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Pyrethrin I, R = CH3
Pyrethrin II, R = CO2CH3

The pyrethrins are a pair of natural organic compounds normally derived from Chrysanthemum cinerariifolium that have potent insecticidal activity, attacking the nervous systems of insects. Pyrethrins are gradually replacing organophosphates and organochlorides as the pesticide of choice, since organochlorides have been shown to have significant and persistent toxic effects to humans. Because they are biodegradable compounds, pyrethrins are being phased out in favor of pyrethroids, a group of synthetic analogues of pyrethrin, for insecticide uses, and appear to have an insect repellent effect when present in non-fatal doses.

History and Biosynthesis[edit]

The pyrethrins occur in the seed cases of the perennial plant pyrethrum (Chrysanthemum cinerariaefolium), which has long been grown commercially to supply the insecticide. Pyrethrins have been used as an insecticide for thousands of years. It is believed that the Chinese crushed Chrysanthemum plants and used the powder as an insecticide as early as 1000 BCE. Pyrethrins were identified as the potent chemical in the Chrysanthemum plants responsible for the insecticide properties in the crushed flowers around 1800 in Asia. Since then, the plant has been commercialized to it's wide usage now.[1]

Well after their use as insecticides, their chemical structures were determined by Hermann Staudinger and Lavoslav Ružička in 1924.[2]Pyrethrin I and pyrethrin II are structurally related esters with a cyclopropane core. Pyrethrin I is a derivative of (+)-trans-chrysanthemic acid.[3][4] Pyrethrin II is closely related, but one methyl group is oxidized to a carboxymethyl group, the resulting core being called pyrethric acid. Knowledge of their structures opened the way for the production of synthetic analogues, which are called pyrethroids. In terms of their biosynthesis, pyrethrins are classified as terpenoids, being derived from dimethylallyl pyrophosphate, which combine by the action of the enzyme chrysanthemyl diphosphate synthase.[5]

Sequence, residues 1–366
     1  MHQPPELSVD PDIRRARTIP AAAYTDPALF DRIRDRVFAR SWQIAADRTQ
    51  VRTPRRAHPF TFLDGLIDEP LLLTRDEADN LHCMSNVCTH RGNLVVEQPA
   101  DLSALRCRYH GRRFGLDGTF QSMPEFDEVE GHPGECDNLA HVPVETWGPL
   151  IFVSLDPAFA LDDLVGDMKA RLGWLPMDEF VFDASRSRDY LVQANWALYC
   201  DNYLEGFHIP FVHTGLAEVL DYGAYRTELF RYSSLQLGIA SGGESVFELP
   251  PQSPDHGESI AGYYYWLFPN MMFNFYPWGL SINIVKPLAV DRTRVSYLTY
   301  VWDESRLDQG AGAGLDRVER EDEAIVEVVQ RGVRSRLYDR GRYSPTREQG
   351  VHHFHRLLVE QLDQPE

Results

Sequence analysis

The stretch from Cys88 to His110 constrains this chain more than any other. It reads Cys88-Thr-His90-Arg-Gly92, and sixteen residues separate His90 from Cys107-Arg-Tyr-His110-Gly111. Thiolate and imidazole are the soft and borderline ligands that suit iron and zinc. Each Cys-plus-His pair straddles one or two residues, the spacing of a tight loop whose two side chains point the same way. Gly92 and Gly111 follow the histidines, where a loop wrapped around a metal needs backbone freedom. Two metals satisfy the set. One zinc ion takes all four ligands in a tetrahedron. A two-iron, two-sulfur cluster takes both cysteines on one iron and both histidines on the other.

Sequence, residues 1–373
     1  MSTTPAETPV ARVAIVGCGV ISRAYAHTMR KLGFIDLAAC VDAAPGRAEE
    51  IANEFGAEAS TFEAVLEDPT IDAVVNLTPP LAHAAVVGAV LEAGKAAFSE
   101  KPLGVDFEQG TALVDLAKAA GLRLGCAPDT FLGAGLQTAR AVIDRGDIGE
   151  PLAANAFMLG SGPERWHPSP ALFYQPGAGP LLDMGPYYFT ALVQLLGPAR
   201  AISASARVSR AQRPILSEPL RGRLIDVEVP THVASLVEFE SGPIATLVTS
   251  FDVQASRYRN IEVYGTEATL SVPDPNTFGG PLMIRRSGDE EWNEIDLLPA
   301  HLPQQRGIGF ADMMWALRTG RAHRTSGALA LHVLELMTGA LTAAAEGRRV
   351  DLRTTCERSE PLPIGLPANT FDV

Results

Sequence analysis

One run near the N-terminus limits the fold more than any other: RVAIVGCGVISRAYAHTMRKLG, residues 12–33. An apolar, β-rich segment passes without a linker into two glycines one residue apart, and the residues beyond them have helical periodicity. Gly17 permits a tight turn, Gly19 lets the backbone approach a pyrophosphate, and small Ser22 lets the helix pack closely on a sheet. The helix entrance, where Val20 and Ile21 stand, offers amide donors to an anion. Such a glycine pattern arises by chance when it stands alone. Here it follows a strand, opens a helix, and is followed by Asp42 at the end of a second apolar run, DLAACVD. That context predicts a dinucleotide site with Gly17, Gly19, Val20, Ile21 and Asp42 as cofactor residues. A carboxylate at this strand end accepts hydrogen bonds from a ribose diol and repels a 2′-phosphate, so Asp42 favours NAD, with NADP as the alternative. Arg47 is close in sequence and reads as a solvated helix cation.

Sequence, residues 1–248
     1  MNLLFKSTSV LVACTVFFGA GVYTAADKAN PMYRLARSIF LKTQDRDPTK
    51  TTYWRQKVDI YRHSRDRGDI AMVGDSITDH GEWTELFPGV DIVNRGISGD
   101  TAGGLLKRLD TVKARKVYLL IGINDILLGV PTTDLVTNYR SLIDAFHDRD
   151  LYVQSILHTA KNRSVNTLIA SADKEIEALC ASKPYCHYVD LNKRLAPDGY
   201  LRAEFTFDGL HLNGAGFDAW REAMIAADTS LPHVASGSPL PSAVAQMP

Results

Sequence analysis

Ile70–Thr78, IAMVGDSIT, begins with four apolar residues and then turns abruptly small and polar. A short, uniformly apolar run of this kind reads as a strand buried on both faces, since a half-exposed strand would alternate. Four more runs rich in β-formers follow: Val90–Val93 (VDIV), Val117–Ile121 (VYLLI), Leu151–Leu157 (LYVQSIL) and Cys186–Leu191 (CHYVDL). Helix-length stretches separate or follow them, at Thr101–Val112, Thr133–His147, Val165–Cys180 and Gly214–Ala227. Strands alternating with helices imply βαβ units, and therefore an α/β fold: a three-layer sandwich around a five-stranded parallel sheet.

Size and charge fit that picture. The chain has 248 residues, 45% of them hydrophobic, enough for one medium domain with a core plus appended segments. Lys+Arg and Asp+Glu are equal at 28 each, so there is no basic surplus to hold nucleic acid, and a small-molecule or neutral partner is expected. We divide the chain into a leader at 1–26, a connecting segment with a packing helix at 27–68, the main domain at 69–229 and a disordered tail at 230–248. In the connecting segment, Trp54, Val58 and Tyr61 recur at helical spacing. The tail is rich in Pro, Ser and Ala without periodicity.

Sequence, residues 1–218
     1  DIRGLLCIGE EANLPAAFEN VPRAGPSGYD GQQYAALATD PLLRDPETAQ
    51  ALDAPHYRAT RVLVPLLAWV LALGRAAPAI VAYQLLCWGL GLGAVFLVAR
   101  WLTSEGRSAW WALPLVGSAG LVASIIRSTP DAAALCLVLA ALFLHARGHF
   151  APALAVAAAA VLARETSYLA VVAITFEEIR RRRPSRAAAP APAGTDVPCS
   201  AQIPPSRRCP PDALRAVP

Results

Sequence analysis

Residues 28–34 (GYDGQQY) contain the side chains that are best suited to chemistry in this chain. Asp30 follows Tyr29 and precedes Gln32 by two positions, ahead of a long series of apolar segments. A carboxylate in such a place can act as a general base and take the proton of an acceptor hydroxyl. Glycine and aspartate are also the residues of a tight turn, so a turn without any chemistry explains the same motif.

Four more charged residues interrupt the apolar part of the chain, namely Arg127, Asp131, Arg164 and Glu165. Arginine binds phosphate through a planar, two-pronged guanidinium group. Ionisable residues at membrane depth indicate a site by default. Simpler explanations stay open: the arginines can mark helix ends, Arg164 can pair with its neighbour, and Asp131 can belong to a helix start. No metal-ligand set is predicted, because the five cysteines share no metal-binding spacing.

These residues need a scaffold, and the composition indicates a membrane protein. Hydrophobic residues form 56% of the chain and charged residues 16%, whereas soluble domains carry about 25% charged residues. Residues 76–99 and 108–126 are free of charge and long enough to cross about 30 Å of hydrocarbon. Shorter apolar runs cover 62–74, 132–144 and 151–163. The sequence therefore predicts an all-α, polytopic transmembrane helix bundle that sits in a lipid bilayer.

Most of the world's supply of pyrethrin and C. cinerariaefolium comes from Kenya, which produces the most potent flowers. Other countries include Croatia (in Dalmatia) and Japan. The flower was first introduced into Kenya and the highlands of Eastern Africa during the late 1920s. Now, Kenya produces as much as 70% of the world's supply of pyrethrum.[6] A substantial amount of the flowers are cultivated by small-scale farmers who depend on it as a source of income. It is a major source of export income for Kenya and source of over 3,500 additional jobs. About 23,000 tons were harvested in 1975. The active ingredients are extracted with organic solvents to give a concentrate containing pyrethrin I and II, cinerin I and II, and jasmolin I and II.[7] Supercritical carbon dioxide has also been used as an extractant.[8]

As an insecticide[edit]

Pyrethrins are used in many varieties of insecticides, fogging products, and some pet products, and have been used as an insecticide for over 100 years.[7] In the 1800s, it was known as "Persian powder", "Persian pellitory", and "zacherlin". They affect the flow of sodium out of the nerve cells in insects, resulting in repeated and extended firings of the nerves, causing the insects to die.[9] Piperonyl butoxide, a synergist, is often used in combination with pyrethrin, making the mixture more effective by not allowing the insect's system to detoxify the pyrethrin.[10]